On certification to the Superior Court, Appellate Division, whose opinion is reported at 154 N.J. Super. 147 (1977).
For reversal and remandment -- Chief Justice Hughes and Justices Mountain, Sullivan, Clifford and Handler. For affirmance -- Justices Pashman and Schreiber. The opinion of the court was delivered by Sullivan, J. Handler, J., concurring. Justice Mountain joins in this opinion. Pashman, J., dissenting. Justice Schreiber joins in this opinion. Mountain and Handler, JJ., concurring in the result.
[78 NJ Page 566] This case involves a dispute between William B. Kessler Memorial Hospital (Kessler) and the State Department of Health (Department) over the calculation of the per diem rate for 1976 at which Blue Cross and Medicaid were to reimburse Kessler for covered patient hospital care. The administrative decision was made pursuant to the Health Care Facilities Planning Act, N.J.S.A. 26:2H-1 et seq. in a proceeding in which Kessler challenged the per diem rate set for Blue Cross and Medicaid patients.
The Act was passed in 1971 in response to widespread public concern over the spiraling costs of institutional health care. It declared the public policy of the State to be
Prior to 1974, the hospital rate-setting process was largely a peer review program administered by the hospital industry itself with routine approval being given by the Commissioners of Health and Insurance. However, in 1974, it became apparent that the program was resulting in substantial annual increases in hospital costs in excess of guidelines promulgated under the federal Economic Stabilization Act of 1970. Accordingly, it was determined that a greater degree of State involvement in the rate-setting process was necessary, and hospitals were notified that beginning in 1975 the State would fully implement its rate-review authority under the Act.
In 1975, detailed rate review guidelines were issued by the Commissioners of Health and Insurance. Hospitals were required to submit itemized proposed budgets to the Department using forms and a cost reporting system specified in the Standard Hospital Accounting and Rate Evaluation (SHARE) Manual promulgated by the Department of Health.*fn1
The instant case involves the fixing of the 1976 per diem rate at which Blue Cross and Medicaid were to reimburse Kessler for covered patient hospital care. Under the 1976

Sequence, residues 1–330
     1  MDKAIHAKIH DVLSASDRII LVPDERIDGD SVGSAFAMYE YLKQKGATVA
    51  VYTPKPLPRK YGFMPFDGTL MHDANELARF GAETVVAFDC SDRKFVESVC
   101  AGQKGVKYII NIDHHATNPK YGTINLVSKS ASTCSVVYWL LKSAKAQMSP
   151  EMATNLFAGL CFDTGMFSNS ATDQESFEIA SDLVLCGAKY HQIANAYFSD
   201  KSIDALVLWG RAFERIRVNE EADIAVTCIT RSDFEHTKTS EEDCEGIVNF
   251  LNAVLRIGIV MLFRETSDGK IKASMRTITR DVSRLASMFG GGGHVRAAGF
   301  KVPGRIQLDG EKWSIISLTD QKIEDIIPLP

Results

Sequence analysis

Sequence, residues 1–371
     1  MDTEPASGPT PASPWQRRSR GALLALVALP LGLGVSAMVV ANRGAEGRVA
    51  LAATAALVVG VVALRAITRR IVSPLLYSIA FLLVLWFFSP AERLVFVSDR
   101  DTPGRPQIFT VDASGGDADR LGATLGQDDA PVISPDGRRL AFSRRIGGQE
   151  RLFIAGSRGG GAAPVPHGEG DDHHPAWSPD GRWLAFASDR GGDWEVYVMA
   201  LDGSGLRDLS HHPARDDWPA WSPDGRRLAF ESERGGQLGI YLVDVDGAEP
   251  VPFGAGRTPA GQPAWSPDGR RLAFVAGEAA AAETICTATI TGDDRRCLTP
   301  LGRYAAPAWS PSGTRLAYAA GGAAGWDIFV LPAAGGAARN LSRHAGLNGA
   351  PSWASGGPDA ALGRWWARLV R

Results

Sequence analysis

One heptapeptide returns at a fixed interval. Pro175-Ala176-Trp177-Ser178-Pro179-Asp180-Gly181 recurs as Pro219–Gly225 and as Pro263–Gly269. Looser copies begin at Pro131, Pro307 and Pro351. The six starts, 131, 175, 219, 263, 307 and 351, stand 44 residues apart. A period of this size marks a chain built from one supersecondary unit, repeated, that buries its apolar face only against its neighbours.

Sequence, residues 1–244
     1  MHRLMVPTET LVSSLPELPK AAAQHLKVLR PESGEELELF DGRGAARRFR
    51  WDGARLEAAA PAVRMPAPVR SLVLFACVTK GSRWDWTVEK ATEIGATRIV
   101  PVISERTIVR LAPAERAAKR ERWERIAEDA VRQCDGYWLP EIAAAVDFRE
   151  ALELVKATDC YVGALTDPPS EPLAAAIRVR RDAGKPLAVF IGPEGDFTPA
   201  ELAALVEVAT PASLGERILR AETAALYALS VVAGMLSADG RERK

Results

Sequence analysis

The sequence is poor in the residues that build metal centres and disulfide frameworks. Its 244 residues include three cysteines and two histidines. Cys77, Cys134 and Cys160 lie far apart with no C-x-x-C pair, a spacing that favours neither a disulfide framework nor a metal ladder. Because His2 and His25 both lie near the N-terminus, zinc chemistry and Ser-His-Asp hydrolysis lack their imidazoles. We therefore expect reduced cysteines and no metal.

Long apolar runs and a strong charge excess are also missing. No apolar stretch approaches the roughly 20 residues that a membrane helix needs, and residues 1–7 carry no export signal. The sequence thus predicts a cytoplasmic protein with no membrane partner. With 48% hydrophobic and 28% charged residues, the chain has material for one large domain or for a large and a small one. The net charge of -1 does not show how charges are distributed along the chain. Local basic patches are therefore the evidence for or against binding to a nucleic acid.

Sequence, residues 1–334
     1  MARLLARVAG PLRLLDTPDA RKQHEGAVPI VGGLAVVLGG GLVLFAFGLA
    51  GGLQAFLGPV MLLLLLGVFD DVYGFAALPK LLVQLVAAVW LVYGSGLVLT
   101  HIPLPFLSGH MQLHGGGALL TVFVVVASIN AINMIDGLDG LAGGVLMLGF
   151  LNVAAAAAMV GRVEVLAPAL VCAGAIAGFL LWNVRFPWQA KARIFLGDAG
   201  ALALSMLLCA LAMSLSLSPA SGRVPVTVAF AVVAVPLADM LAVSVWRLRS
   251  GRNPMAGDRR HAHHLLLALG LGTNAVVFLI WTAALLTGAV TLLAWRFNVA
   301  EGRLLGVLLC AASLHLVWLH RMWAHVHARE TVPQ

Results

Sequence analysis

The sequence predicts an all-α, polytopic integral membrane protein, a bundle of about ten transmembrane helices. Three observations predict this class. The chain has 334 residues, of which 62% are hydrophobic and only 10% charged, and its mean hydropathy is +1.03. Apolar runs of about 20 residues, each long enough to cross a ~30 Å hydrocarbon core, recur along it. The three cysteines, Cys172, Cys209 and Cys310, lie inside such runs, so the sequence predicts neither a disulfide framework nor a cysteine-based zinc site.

guidelines, hospitals in the fall of 1975 submitted proposed 1976 budgets in the manner and form required by the SHARE manual. Included were the hospital's approved 1975 budget figures and projected actual 1975 costs. Dependent on the percentage of increase sought in estimated costs, the proposed budget was subjected to a detailed analysis.
Basically, the analysis involved a two-step process. First a budget base was determined by comparing the previous, or base, year's cost figures with those of similar hospitals (peer comparison). If any of the previous year's costs exceeded the cost of the median in the peer grouping by a certain percentile, the excess was deducted from the base year costs. This budget base was then adjusted to account for various differences projected for the coming year such as inflation, volume and other economic factors. The hospital's budgeted expenditures which exceeded this adjusted base were excluded from the calculation of the proposed per diem rate. The hospital was then notified of the proposed rate and of the proposed costs that had been challenged as presumptively unreasonable.
In the present case Kessler had submitted its proposed budget for the year 1976 to the Department of Health. So far as is here relevant, the budget was challenged by a departmental analyst as to two proposed cost items. With regard to the emergency room center, the analyst challenged $124,871 of the proposed costs as unreasonable. The newborn nursery center had $12,000 of its proposed costs similarly challenged.